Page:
A change in landholder demographics and subsequent drop in participation in pest-control programs led to wild dogs becoming a significant productivity barrier for some farmers in the Central Tablelands region.
However, electric exclusion fences, alongside extensive aerial and ground baiting programs are helping to turn things around.
Jodie and Malcolm Healey, Box Hill, Turondale, run close to 7000 superfine Merino sheep, alongside their six sons and Malcolm's parents Mike and Joy.
From 2013 to 2017, wild dogs were such a large problem that the Healey's lambing percentage dropped from around 90 per cent to as low as 30 per cent.
But, the implementation of an electric exclusion fence around the property saw lamb marking rates return to 83 per cent last year.
"We've completed 20 kilometres of fencing, it was a huge job but we've got it done," Jodie Healey said.
Mrs Healey said their farm had been in her husband's family since the 1850s, but it was only in recent years that they began to have a problem with wild dogs.
"The number of sheep in our area has dropped dramatically, when you're the only one of your neighbours running sheep you become a bigger target for the dogs," she said.
The Healeys tried to combat the dog problem by setting trail cameras and traps, and participating in baiting programs.
"We've had up to a dozen or more cameras on the property," she said.
Mr Healey was also president of the Turon Wild Dog Association at its inception in 2013.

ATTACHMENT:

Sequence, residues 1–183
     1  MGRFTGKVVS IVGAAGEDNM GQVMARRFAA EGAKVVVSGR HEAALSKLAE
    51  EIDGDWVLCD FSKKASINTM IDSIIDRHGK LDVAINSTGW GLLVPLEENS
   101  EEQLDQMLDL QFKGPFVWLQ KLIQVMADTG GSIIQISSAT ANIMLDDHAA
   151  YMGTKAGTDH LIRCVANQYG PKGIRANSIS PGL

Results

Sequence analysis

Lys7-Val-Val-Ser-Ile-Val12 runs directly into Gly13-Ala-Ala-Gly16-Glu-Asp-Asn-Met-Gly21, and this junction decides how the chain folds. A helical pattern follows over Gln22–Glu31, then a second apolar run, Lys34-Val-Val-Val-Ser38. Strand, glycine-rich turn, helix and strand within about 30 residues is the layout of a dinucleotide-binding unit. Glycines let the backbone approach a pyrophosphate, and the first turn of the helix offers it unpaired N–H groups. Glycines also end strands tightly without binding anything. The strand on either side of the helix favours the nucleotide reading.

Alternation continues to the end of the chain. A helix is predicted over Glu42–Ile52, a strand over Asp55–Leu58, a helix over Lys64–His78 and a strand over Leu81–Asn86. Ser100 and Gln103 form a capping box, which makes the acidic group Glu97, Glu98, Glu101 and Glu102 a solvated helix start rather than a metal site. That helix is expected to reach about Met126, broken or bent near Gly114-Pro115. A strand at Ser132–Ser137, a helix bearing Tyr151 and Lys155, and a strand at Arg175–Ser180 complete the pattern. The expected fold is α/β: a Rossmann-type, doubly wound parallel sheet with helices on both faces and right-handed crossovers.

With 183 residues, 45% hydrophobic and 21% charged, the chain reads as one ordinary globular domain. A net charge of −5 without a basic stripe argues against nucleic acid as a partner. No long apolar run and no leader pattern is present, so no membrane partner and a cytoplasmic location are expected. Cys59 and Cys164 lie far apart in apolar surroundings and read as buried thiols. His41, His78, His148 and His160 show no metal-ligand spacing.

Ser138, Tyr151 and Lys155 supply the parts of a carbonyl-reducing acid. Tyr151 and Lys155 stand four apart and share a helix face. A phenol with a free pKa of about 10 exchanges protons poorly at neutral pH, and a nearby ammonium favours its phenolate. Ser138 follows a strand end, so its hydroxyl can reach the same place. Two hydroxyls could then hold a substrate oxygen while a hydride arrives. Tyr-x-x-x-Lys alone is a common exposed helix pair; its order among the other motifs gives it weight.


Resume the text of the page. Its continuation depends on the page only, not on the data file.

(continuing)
The group was set up to encourage other landholders to become involved in wild dog control. But, it's been the electric fence which has had the big impact.
"After meeting with Karen Miller, Branch Manager of Bathurst Agwest, Brenden Ryan, Gallagher Territory manager of Central NSW and Paul Gibb, LLS in early March 2019 we decided that the electric fence was the way to go," Mrs Healey said.
The fence is a Gallagher Westonfence with plastic droppers and was partially funded by Central Tablelands LLS.
"The droppers are on a 45 degree angle off our existing fence, with four wires low to the ground," Ms Healey said.
The Healeys started working on the fence last May as a whole family project.
"Our country is quite rugged and steep in some spots so it's been no mean feat," she said.
"There was a lot of manual clearing and putting in tracks so we could actually get to the fence."
Given the intensifying drought last year they were also flat out feeding sheep.
"We were so busy that there were times where we could go months and not have done anything on the fence," Mrs Healey said.
"When we started out, our main idea was to get our back corner done before lambing last year because that was where we were losing most of our lambs."
The huge results they saw from just having part of the fence completed spurred them on and they finished the whole fence a few weeks ago.
Low participation in pest control a problem
Central Tablelands LLS senior land service officer Paul Gibb said they had seen tremendous results from electric exclusion fences in the region.
"LLS ran a program where people could apply for funding assistance to put a fence up, the uptake in our region has been terrific," Mr Gibb said.
He said despite individual landholders achieving impressive results from implementing fences, it didn't address the number of wild dogs in the region.
"The large uptake of exclusion fences is showing that if we can't get widespread community participation in pest control, people will look to do what they need to look after their own business," he said.
"That's fair enough, it's their livelihood and they need to be able to protect it.
"But, while the fences are great for the individual concerned, it doesn't address the ongoing problem of the animals outside the wire.
"The wild dogs are not going away and we still need to get more people participating in the baiting programs."
Aerial baiting programs are done twice a year, extending more than 700 kilometres.